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Orientating investigation of the inactivation of Staphylococcus aureus in the laundry process

BACKGROUND: The trend to washing processes with reduced water volume and small temperatures (below 40 °C), which is quite meaningful for environmental protection reasons, has to be regarded more differentiated from a hygienic-microbiological point of view. In particular the simultaneously increasing number of persons in need of domestic care and the early discharge of predisposed patients from the hospital make a sensitisation of hygiene strategies in the domestic environment – this includes laundry washing – necessary. Frequently arising reinfections with Staphylococcus aureus with Atopic Dermatitis (AD) in the domestic environment led to the cause to look critically at the modern wash processes in private households. In the present study selected detergents in combination with different washing processes were examined for their effectiveness against S. aureus. The reduction effect and a possible cross contamination during the washing process were examined. METHODS: The test organism was S. aureus ATCC 6538. The tests of the different wash processes were carried out accordingly to the “DGHM Standardmethoden” (2001), method 17. To simulate practical conditions the test dirt was shifted with defibrinated sheep blood in order to make allowances for remaining organic contaminations. The investigations took place with a smaller industrial washing machine (5 kg capacity). All wash processes consisted of a main washing cycle, while 3 of 21 tests consisted of an additional pre wash and a main wash cycle. A bleach containing detergent, a colour detergent and a detergent without bleach were used. The test-temperatures of the washing processes took place at 30 °C, 40 °C, 60 °C or 80 °C. The effectiveness of hygienic supplements and disinfectant additives was examined randomly. RESULTS: Wash processes with 30 °C in combination with colour detergents or detergents with optical brightener led to cross contamination and reached a reduction (r) of maximal 2.54 log10 units and were therefore not able to reduce the cell count sufficiently. At a temperature of 40 °C the full detergent (with bleach) inactivated the test organisms completely (r = 8.06 to log10-units). The colour detergent in contrast showed even at 60 °C an insufficient inactivating of the test organisms. An additional pre wash even strengthened cross contamination with this setting. CONCLUSIONS: The available study clarifies that the present development of washing processes and the simultaneous rise of the domestic patient necessitate a sensitization of the view on daily washing processes in households. It is recommended to examine the reduction abilities of different procedures regarding process (pre and main wash), detergent (colour and full detergent) and temperature (30 °C – 80 °C). In the available study a practicable model was presented for the characterisation of these processes with consideration of cross contamination. Hygiene & Medizin 2011;36:1/2.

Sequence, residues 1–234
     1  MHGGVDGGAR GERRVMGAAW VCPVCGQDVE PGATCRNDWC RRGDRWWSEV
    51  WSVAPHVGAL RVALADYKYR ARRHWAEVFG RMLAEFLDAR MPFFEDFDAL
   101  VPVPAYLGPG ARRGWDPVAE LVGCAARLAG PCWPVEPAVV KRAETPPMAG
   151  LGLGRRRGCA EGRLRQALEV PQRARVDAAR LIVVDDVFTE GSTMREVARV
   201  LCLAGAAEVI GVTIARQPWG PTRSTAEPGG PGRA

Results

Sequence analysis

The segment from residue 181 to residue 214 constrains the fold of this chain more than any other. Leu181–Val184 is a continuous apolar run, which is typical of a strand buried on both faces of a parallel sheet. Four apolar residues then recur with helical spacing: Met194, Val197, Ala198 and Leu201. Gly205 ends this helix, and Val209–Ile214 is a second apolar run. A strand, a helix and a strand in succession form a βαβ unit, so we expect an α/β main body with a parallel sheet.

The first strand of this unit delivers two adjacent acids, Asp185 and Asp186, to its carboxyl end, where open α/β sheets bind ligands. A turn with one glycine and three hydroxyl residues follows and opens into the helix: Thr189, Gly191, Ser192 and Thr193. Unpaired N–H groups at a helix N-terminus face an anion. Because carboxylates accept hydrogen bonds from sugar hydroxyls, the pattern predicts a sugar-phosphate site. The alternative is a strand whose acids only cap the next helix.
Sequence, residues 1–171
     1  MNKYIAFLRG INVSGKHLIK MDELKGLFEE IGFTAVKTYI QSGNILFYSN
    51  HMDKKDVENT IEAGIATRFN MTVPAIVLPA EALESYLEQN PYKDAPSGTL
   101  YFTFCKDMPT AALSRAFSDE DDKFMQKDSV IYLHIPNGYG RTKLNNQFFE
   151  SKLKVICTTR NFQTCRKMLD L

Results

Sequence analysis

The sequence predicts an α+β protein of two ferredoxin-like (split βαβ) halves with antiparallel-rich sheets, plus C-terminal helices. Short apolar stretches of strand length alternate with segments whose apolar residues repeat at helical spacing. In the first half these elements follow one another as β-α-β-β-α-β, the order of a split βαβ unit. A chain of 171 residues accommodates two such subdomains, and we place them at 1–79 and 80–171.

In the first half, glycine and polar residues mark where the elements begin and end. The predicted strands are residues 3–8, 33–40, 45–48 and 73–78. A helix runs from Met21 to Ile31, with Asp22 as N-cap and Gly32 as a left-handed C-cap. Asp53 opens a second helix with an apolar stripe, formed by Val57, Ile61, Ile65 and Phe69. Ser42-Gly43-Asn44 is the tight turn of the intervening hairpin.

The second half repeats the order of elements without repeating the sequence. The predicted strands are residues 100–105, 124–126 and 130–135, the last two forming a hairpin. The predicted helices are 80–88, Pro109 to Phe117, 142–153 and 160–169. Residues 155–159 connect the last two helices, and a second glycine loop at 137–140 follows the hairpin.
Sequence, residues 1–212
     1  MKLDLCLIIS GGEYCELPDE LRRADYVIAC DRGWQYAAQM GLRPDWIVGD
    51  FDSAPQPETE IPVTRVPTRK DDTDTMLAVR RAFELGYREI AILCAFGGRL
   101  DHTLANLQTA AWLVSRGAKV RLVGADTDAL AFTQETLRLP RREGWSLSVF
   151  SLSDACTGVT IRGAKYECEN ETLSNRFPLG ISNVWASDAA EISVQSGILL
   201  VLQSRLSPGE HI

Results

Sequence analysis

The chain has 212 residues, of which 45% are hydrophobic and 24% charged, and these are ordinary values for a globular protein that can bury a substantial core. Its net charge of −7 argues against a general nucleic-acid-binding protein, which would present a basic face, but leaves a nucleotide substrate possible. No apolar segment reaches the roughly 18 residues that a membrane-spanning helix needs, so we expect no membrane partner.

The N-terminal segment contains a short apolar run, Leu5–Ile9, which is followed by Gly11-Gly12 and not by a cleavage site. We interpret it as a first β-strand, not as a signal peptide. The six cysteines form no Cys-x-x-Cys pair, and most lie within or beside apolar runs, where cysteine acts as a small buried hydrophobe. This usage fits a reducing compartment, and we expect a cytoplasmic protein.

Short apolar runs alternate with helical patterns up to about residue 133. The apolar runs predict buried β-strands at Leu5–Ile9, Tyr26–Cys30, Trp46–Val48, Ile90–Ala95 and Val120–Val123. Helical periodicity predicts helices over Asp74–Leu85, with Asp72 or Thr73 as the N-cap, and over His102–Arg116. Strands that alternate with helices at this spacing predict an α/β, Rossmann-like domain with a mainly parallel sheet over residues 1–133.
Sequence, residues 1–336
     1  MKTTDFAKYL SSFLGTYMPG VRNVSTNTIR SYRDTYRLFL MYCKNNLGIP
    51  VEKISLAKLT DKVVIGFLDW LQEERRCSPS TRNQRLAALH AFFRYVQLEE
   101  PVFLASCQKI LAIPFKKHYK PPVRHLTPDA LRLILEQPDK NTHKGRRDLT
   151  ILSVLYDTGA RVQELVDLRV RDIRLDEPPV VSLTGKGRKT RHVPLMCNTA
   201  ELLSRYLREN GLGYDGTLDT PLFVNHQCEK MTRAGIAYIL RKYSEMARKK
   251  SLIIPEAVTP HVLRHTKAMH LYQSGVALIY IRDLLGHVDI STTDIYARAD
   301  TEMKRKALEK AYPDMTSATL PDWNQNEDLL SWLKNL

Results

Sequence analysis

Author: Linke S, Gemein S, Koch S, Gebel J, Exner M

Published: 01/01/2011

Publication Type: Journal article

Publisher: Hygiene & Medizin